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Wednesday, September 18, 2019

AB 1185: Overseeing Sheriffs

AB 1185
The use of force is a topic of discussion that we need to have in the United States. Each year, many unarmed individuals die from interactions with peace officers. A couple of weeks ago, we wrote about California Assembly Bill 392. The bill, signed into law by Governor Gavin Newsom, redefines the circumstances under which a homicide by a peace officer is deemed justifiable.

As we pointed out, AB 392 takes effect on January 2020. While lawmakers and pundits across the state were focused on the landmark bill, another piece of legislation was quietly in the works.

Assemblyman Kevin McCarty, D-Sacramento, wrote a bill that would increase oversight of sheriffs departments in California, The Sacramento Bee reports. Assembly Bill 1185 would allow counties to create separate supervision bodies to oversee sheriffs’ departments.

“Because of the current lack of oversight, we’ve seen taxpayers foot the bill for millions of dollars as a result of legal fees racked up due to allegations of misconduct against deputies, jailers, and sheriff’s department employees,” said McCarty. “There have been countless examples all over the state that have demonstrated how important it is that we ensure that supervisors, sheriff oversight boards, and the inspector general have the authority necessary to conduct proper oversight so they can do their jobs.”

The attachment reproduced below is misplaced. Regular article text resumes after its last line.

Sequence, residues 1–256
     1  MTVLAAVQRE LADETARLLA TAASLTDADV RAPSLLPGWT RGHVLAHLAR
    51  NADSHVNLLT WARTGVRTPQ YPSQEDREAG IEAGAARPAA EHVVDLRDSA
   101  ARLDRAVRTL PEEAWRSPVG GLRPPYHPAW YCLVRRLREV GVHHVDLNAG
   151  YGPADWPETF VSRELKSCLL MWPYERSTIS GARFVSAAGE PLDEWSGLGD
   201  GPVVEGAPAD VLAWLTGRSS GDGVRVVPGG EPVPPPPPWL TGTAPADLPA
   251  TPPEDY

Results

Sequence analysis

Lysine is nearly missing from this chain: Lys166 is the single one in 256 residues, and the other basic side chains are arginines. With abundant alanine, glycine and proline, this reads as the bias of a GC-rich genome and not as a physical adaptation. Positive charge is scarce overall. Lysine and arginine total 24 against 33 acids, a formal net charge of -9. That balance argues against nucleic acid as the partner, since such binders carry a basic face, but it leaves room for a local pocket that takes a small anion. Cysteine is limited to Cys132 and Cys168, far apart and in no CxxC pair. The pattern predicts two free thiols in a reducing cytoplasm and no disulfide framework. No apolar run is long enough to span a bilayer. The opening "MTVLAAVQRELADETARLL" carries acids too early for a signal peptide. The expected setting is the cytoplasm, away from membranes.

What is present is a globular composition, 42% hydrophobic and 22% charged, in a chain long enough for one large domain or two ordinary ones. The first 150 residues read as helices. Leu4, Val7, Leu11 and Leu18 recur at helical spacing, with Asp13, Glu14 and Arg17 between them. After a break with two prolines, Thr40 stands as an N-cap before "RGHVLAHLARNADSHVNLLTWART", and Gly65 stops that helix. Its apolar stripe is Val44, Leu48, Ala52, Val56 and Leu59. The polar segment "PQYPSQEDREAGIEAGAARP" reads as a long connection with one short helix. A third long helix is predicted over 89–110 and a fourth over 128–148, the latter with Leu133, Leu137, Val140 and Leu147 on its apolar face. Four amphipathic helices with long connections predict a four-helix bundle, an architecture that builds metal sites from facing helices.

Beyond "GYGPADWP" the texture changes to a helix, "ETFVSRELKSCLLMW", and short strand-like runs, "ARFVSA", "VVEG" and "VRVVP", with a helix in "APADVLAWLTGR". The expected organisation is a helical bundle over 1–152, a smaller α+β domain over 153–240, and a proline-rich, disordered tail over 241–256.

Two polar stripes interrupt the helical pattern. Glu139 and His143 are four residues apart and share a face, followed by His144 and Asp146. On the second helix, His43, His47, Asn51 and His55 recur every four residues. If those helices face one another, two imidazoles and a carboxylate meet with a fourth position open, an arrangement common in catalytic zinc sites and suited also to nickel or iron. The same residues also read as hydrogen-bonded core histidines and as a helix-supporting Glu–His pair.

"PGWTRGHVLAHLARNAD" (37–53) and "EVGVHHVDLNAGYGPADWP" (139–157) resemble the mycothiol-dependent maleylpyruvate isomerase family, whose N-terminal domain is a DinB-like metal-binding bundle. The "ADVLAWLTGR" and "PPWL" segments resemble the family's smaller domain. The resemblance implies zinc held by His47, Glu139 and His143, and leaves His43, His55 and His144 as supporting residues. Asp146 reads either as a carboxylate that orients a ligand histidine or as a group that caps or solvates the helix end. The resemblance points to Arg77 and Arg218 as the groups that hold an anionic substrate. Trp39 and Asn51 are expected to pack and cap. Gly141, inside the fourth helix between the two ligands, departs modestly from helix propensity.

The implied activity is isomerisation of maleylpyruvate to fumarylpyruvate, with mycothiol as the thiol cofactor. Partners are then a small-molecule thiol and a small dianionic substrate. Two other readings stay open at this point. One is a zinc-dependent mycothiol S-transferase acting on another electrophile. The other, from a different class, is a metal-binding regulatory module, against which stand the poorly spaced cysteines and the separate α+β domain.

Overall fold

Advocacy Groups Support AB 1185


The California State Sheriffs’ Association has called the bill “unnecessary,” according to the article. However, the American Civil Liberties Union of California pointed out that the “Misuse of (sheriffs departments) can lead to grave constitutional violations, harms to liberty and the inherent sanctity of human life, and significant public unrest.”

AB 1185 came about after Sacramento County Sheriff Scott Jones arrested Inspector General Rick Braziel last year in the course of investigating a police shooting in 2017. The Sacramento County Grand Jury determined that Sheriff Jones was within his rights when he slowed Braziel’s work.

However, the grand jury wrote that Sacramento county has to put in place a system for preventing sheriffs' departments from halting similar investigations. McCarty’s bill aims to do just that; we will continue to follow this story as it develops.

Orange County Criminal Defense Attorney


Please reach out to The Law Office of Ronald G. Brower if you are facing criminal charges in California. Attorney Brower has a reputation for helping clients find favorable outcomes in their cases. With more than three decades of experience, Mr. Brower is an excellent choice for anyone needing legal representation.

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